The standardized extract from the seeds of the milk thistle (Silybum marianum) is probably the best-proven herb for protecting the liver from chemical and inflammatory damage. The herb has been found to be beneficial for a wide range of liver disorders, including hepatitis and cirrhosis.1 But the extract, (typically – and perhaps inaccurately – called silymarin or silymarin extract) has also revealed some intriguing outcomes in other clinical studies. These surprising results show a wide clinical versatility for the herb. So it’s important to not think of this extract as only being beneficial for the liver. Read on to discover some valuable new insights into the healing power of this amazing herb.
Clinically proven to fight allergies and inflammation
In a double-blind trial, 94 patients suffering the signs and symptoms of allergic rhinitis (hay fever) and exhibiting positive skin prick tests to common aeroallergens randomly received either silymarin extract (420 mg/day) or a placebo for one month.2 Routine antihistamine treatment was also allowed. Based on the Sino-Nasal Outcome Test (SNOT-20!), an improvement in clinical symptom severity was observed in both groups, but the improvement was significantly greater in the herbal group (9.2 for the silymarin group versus only 2.2 for the placebo group).
In a 2009-published double-blind clinical trial, 220 patients with painful knee osteoarthritis (OA) were randomly divided into five groups, receiving either silymarin (300mg/ day), piroxicam (20mg/day), meloxicam (15mg/day) or a combination of silymarin with each of the anti-inflammatory drugs.3 There was no placebo group in the study design and treatment was over eight weeks. Treatment with silymarin significantly reduced serum levels of the inflammatory cytokines interleukin (IL)-1alpha (by 56%) and IL-8 (by 58%) (p < 0.02 compared with baseline), and the complement proteins C3 (by 81%) and C4 (by 45%). Adjunct use of silymarin with the drugs gave mixed results for these measures of inflammation (no effect with meloxicam and a significant lowering with piroxicam). The drugs on their own generally exhibited minimal beneficial or even adverse effects. Unfortunately, the trial did not provide data for clinical OA symptoms. An earlier study also demonstrated that co-administered silymarin decreased the renal and hepatic toxicities of these drugs in OA patients.4
Although these uses might seem novel for silymarin, they are consistent with several lab studies demonstrating various anti-inflammatory, antiallergic and immune-modulating outcomes for the herbal extract. However, results from experimental models don’t necessarily reflect clinical outcomes for herbal treatments, so the above clinical findings do add significant credibility to the use of silymarin for allergic rhinitis (and perhaps other allergies) and OA. More studies are needed, however, especially one assessing clinical outcomes in OA.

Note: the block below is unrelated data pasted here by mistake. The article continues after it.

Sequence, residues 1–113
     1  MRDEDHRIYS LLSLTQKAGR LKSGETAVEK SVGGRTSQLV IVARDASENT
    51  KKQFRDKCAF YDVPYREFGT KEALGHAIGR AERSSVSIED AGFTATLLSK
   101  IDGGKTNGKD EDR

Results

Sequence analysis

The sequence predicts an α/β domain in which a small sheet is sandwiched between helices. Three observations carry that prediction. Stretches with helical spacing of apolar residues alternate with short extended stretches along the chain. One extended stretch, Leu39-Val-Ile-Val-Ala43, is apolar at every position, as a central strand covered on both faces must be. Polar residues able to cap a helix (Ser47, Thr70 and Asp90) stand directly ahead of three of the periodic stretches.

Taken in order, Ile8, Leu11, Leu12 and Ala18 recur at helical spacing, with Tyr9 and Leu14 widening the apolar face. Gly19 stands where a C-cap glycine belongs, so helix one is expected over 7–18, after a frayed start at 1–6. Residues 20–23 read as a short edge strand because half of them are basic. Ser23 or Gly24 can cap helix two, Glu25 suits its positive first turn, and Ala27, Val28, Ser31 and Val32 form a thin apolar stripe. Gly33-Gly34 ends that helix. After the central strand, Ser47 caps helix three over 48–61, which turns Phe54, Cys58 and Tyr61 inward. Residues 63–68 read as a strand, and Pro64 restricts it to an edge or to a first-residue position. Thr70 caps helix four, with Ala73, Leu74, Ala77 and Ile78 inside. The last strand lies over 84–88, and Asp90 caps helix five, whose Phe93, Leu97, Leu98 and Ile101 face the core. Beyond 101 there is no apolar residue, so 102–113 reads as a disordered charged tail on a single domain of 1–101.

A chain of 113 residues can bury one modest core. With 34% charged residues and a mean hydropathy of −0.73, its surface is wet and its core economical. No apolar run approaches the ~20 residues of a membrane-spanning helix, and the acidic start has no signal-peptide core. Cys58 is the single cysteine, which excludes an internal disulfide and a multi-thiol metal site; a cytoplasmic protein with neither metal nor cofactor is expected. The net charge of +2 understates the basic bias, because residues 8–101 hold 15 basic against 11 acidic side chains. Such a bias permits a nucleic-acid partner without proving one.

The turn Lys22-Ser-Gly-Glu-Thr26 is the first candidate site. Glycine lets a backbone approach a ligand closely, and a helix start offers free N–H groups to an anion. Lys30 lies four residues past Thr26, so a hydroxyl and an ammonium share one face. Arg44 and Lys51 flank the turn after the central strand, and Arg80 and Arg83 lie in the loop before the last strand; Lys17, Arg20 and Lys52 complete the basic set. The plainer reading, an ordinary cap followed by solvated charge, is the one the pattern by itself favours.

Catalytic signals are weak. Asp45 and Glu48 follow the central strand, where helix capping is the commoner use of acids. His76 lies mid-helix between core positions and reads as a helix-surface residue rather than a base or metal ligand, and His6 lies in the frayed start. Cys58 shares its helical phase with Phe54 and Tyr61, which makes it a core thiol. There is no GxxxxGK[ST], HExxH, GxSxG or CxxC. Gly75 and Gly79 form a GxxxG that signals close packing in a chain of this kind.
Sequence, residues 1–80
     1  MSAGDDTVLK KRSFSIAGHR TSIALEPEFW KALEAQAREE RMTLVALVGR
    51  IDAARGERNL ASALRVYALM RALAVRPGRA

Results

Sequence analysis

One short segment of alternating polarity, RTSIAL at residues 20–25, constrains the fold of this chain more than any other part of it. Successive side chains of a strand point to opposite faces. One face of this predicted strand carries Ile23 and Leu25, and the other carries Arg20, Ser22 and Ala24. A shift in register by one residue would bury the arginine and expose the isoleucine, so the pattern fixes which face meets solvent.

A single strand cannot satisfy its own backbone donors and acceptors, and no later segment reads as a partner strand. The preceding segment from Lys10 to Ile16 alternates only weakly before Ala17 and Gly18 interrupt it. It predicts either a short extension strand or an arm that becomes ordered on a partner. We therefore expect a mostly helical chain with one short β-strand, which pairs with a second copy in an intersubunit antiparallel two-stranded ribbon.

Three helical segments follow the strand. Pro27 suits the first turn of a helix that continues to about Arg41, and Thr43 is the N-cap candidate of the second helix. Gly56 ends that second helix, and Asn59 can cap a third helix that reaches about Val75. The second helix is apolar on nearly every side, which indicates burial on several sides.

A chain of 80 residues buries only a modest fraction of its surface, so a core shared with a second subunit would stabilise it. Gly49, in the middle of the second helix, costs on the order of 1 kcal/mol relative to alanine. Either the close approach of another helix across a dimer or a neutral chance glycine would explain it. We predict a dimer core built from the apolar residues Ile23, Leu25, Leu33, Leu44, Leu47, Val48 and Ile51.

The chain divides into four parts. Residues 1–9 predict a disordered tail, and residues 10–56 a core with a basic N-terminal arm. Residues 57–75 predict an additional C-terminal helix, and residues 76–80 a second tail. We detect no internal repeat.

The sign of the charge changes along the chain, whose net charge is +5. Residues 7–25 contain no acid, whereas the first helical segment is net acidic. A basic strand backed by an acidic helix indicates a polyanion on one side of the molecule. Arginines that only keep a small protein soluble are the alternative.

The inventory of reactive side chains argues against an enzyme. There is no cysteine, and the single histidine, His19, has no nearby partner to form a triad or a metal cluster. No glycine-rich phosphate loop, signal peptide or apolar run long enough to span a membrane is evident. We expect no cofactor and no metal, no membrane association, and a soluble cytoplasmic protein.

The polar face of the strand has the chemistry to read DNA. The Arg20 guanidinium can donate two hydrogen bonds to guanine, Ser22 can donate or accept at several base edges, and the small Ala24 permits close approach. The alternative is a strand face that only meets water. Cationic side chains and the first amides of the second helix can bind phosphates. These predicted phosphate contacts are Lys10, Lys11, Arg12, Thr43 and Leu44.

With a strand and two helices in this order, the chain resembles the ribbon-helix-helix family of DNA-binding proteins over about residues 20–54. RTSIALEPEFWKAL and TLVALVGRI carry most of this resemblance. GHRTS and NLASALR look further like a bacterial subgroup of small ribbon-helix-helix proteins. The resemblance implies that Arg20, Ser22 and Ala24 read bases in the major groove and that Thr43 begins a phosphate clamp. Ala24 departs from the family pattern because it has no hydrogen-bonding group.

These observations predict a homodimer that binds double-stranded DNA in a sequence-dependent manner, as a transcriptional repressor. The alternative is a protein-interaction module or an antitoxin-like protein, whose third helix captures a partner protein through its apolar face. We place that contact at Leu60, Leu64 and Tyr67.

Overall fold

Makes mothers’ milk flow better
One surprising new role for the silymarin extract is its use to enhance milk production in healthy breastfeeding mothers. Following an agricultural trial demonstrating that silymarin promoted milk production in dairy cows, a group of Italian scientists investigated its galactagogue (enhancing milk flow) value in humans.5 The trial enrolled 50 healthy lactating women who received a daily dose of 420mg of micronized (very fine) silymarin or an identical placebo for 63 days. At both days 30 and 63 of the trial there was a clear and significant difference over placebo in favour of the silymarin group in terms of total milk production (p < 0.01). There also appeared to be a cumulative treatment effect, with a 64.4% increase above baseline at day 30 for the silymarin group (versus 22.5% for placebo), which increased to 86.0% by day 63 (versus 32.1% for the placebo). Analysis of the nutritional value (water, fats, carbohydrates and proteins) of the milk confirmed no difference between the active and placebo groups. Testing of the milk from a smaller group of women who received 1,800mg/ day silymarin for five days found no detectable levels of silymarin actives, indicating no issue for the baby.
Given the common name of milk thistle, you may wonder why it would be surprising to learn of its ability to enhance milk flow. The answer is that the most likely source of this common name is the actual appearance of the plant, not any traditional use for milk flow. Specifically, the white stripes on the leaves are said to represent the milk of the Virgin Mary.6,7 There’s no reference to any milk-flow enhancing action in texts reflecting traditional use, such as the British Herbal Compendium.8 The authors of another paper on the topic claim that the book of Newall and co-workers carries a reference to galactagogue use. However, the information wasn’t found on the pages cited, or anywhere else in the book. Perhaps this confusion serendipitously led to its discovery, or maybe this is a previously unrecognized example of the doctrine of signatures (in which the appearance of a herb suggests its therapeutic activity). The well-known book A Modern Herbal by Maude Grieve does talk about this herb enhancing milk flow, but she is clearly referring to the use of the leaves not an extract of the seeds.
A lab study has provided a possible mechanism behind the herb’s ability to enhance milk flow.11 A dose-dependent increase in prolactin levels was seen in female rats after 25 to 200mg/kg were administered orally for 14 days. For 66 days after the herbal extract was discontinued prolactin levels remained raised. The drug bromocriptine antagonized the prolactin-inducing activity of silymarin extract, suggesting that dopamine D2 receptors are involved. Such hormonal effects need to be investigated in lactating women.
To your better health,
Nutrition & Healing
Vol. 9, Issue 1 • January 2015
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